Another trait Clark Gable had in common with Nelson Eddy

If you have read my book Sweethearts, you know that one of Nelson Eddy‘s few “real” friends in Hollywood was Clark Gable. Nelson, as you know, had a walk-on role in one of Gable’s 1933 hits, Dancing Lady. The two men enjoyed the outdoors, hated the Hollywood phoniness and admired each other’s “maverick” personalities.

Here’s a blurb from an upcoming biography of MGM director Victor Fleming:

Clark Gable nearly walked off the set of “Gone With the Wind” because of racism, an upcoming book reveals. In “Victor Fleming,” a bio of the director of the beloved Hollywood epic, Michael Sragow describes how a group of black extras, upset at studio bathrooms with “White” and “Colored” signs, approached Gable. “I’ll be goddamned,” the jolted star told them. “He got on the phone to Fleming, who called the prop master and told him, ‘If you don’t get those signs down, you won’t get your Rhett Butler,’ ” writes Sragow. “The signs came down immediately.” The book’s out in December.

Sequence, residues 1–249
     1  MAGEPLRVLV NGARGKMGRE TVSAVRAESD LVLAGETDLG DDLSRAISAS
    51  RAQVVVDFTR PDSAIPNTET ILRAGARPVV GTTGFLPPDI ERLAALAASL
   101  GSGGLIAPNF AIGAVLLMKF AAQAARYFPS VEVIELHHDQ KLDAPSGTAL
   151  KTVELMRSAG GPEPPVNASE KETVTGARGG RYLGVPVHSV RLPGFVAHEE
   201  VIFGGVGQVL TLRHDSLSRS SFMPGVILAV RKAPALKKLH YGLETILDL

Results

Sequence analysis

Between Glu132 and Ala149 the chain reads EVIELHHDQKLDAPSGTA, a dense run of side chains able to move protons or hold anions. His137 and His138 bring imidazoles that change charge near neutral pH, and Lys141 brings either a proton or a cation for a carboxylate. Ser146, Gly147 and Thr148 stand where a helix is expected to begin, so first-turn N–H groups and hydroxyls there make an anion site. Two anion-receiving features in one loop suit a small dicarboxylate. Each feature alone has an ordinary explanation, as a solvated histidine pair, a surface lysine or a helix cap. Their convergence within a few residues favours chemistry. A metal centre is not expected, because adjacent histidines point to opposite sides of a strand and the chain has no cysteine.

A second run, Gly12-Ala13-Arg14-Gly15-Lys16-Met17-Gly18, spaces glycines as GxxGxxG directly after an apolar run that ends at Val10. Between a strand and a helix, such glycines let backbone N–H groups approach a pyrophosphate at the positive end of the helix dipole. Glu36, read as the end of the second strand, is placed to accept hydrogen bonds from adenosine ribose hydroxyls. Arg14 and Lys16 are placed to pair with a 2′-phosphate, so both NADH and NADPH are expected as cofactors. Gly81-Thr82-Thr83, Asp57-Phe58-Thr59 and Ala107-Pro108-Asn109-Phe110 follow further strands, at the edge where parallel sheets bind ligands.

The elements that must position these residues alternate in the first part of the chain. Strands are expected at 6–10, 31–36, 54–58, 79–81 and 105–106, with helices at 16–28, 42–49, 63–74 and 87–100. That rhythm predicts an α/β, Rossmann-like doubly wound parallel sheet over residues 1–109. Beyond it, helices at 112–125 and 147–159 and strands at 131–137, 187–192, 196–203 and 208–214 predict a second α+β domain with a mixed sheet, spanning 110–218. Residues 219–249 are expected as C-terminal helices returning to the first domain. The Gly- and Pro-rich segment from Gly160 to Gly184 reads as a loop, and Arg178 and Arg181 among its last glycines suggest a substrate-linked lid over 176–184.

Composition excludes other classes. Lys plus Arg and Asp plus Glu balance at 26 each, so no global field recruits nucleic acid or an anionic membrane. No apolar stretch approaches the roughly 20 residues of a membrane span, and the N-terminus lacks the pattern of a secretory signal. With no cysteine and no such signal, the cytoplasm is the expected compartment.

Again, if you are familiar with my book, you also know that Nelson Eddy was intolerant of racism.